Color use extends from simple coloration to a significant fresco.

The plaster is a standard construction mix of 1:2 up to 1:3 (cement : sand). Almost all of the materials needed will be found at construction supply yards used by builders. Concrete steel supply yards make circles and other repetitive shapes for larger sculptures. Plaster sand comes from concrete suppliers. Be alert for sand washed in muddy water; it can contain reactive material that will effect longevity and hardness.

Note: Hard plaster is difficult to make in northeast USA. Make a fully hardened test before plastering a valuable armature. Hard plaster is like hard stone. The sound of clicking two pieces of ferrocement is similar to the sound made by a hard wood percussion instrument. A dull thud marks a failed test. Official engineering numbers correlate exactly with this sound range.

Understanding the armature is the key to ferrocement knowledge. The cement part is no different than any rich plaster mix. Strength and longevity are also related to minimizing water content. This point is good for the original sculptor because stiff plaster aides artistic skills using hand and eye coordination. (This is not a large a problem for cement castings which are one sided, for example, a bench).

The armature itself is where the finish work begins with ferrocement. Much time and effort goes into the armature; there are often areas where it is difficult to make the plaster penetrate even when all sides are open. The plaster must be carefully and vigorously pushed into the steel armature so that there are no voids.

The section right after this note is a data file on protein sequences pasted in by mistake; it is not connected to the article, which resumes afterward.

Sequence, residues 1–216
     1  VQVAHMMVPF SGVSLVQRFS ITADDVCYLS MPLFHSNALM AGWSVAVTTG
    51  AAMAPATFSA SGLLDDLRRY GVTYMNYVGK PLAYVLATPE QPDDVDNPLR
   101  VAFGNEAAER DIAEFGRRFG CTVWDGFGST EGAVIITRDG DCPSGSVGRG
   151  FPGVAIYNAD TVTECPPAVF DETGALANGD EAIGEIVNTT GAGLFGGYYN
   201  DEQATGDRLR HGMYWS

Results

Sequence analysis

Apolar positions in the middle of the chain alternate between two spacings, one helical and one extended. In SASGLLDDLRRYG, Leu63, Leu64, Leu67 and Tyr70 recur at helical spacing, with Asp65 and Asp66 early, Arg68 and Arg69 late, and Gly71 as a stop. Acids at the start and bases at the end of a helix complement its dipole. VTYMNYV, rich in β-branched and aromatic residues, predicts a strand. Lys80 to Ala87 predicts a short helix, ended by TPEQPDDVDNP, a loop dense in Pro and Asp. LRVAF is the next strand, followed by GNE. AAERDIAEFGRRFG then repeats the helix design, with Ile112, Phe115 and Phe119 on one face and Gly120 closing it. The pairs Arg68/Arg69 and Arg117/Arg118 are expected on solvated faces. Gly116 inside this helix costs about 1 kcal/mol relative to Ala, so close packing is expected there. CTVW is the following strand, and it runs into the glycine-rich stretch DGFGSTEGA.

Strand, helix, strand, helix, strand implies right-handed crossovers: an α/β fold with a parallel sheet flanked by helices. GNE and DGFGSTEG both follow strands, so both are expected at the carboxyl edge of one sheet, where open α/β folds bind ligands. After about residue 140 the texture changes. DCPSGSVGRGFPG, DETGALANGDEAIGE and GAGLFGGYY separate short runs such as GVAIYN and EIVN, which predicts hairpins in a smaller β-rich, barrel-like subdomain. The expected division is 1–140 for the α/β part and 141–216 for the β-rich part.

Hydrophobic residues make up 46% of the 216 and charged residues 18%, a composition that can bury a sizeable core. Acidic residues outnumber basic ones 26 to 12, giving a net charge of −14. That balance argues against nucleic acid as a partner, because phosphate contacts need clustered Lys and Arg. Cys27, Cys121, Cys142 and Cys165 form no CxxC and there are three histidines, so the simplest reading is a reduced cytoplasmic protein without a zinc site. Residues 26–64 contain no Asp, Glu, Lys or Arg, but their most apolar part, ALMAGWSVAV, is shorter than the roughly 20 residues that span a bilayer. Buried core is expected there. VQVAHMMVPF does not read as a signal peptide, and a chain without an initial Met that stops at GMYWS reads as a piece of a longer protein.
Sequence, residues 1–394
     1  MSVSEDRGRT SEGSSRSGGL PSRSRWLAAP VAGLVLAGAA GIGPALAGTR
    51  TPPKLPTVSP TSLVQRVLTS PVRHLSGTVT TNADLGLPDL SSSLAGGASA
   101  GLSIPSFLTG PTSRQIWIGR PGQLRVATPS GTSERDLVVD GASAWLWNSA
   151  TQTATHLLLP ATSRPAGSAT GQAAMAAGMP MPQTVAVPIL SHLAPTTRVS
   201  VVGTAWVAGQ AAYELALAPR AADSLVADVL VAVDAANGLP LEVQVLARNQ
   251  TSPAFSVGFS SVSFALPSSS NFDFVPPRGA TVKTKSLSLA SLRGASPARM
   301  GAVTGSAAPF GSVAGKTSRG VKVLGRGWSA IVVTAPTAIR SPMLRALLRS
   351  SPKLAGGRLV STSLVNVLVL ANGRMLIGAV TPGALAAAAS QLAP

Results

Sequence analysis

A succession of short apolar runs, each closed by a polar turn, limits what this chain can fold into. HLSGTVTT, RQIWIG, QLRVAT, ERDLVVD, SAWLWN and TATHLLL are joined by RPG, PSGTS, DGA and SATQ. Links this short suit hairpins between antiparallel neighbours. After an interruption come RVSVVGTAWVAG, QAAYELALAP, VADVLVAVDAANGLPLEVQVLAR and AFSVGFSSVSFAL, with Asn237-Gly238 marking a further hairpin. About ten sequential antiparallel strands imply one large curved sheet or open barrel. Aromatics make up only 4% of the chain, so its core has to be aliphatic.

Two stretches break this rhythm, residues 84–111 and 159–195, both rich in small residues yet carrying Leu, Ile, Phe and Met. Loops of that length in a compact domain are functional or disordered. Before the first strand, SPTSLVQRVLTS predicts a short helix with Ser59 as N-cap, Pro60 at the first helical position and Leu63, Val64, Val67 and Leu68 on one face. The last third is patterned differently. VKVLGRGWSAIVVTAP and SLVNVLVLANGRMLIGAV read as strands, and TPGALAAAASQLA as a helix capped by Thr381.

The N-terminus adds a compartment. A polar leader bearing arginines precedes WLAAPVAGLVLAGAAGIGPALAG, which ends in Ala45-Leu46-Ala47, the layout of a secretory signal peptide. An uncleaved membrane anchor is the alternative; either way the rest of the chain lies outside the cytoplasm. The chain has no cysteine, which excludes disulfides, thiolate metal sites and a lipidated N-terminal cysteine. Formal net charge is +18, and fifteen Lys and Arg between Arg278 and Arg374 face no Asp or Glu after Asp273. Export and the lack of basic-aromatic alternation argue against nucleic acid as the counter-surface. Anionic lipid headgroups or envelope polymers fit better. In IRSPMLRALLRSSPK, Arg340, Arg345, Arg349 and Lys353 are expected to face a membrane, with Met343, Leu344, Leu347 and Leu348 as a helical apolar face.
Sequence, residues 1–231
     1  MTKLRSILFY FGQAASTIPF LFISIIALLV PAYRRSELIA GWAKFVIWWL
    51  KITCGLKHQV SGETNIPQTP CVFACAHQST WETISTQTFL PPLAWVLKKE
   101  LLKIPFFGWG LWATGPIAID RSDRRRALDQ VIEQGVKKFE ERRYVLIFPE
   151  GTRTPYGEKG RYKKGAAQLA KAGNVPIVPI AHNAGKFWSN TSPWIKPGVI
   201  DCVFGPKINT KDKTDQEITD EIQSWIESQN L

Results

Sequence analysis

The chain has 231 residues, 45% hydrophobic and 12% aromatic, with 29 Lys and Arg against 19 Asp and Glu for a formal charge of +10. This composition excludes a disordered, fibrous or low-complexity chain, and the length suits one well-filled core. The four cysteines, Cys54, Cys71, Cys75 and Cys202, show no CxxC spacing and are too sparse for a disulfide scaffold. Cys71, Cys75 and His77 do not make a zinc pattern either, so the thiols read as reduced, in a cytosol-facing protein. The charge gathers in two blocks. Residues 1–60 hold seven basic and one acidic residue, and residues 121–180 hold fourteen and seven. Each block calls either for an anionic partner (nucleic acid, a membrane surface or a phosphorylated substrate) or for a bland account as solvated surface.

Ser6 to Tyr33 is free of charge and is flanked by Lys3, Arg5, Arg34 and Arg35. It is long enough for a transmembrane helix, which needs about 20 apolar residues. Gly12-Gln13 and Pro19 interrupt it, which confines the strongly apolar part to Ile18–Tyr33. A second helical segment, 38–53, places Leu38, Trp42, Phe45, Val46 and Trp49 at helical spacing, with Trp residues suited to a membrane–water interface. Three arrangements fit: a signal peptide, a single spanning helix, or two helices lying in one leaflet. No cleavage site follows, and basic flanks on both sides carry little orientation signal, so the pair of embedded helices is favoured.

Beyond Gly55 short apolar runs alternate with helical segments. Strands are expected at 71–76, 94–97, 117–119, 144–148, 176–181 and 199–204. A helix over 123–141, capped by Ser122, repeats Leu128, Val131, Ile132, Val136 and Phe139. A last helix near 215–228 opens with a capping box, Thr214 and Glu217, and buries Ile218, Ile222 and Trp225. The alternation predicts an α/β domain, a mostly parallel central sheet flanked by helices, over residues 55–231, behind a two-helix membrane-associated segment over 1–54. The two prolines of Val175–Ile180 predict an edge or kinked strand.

Welded wire is easily bent in one direction. Complex curved planes are problematic. Think about upholstery and sewing. Cutting the edges of welded wire helps it to lay flat. Bending each little wire in the desired plane of the wire is another technique.

Wire ties are made with steel worker's pliers and longer thin pliers. Lever the heavier pliers over the longer pliers to pull layers together as the twisting knot is made. Bend the knot out of the way with the precise pliers. Start in the middle of curves and work outward.

Ferrocement.com recommends plain welded wire (not galvanized). For sizes other than the usual 6,6,10,10, go to this web site (welded wire is listed under "wire mesh"). (Their phone is easier). Use "welded wire" to search the web. 1/2 inch squares are a good size for most work.

Water can carry reactive chemicals. It is wise to be learn about the longevity of local concrete in relation to water used. Warm water, sand, and cement can result in rapid hardening and little working time. Cold weather can cause the opposite problem. There are chemicals which can delay or accelerate cure time. These chemicals introduce another learning curve to timing of the work.

It is possible to reduce steel content and still have a product which can be considered ferrocement. One should be aware that the closest analogy to wire and steel, (ferro) and cement, is fiberglass and resin. These two composite materials are similar for intellectual comparison and visualization. They also have an almost identical modulas of elasticity. That is why these materials can be used to make things like a sailboat, diving board, or racing kayak. Ferrocement is far superior for sculpture.

Welding is not a necessary skill but can be very helpful. A standard cutting torch, gas welding tips, and an arc welder are useful tools for large works. Learn about hog rings in the Construction Guide of this site, they are important for larger projects. It is also a good idea to learn to weld with the cutting torch. This avoids changing welding tools. This skill makes the torch into something similar to pencil and eraser.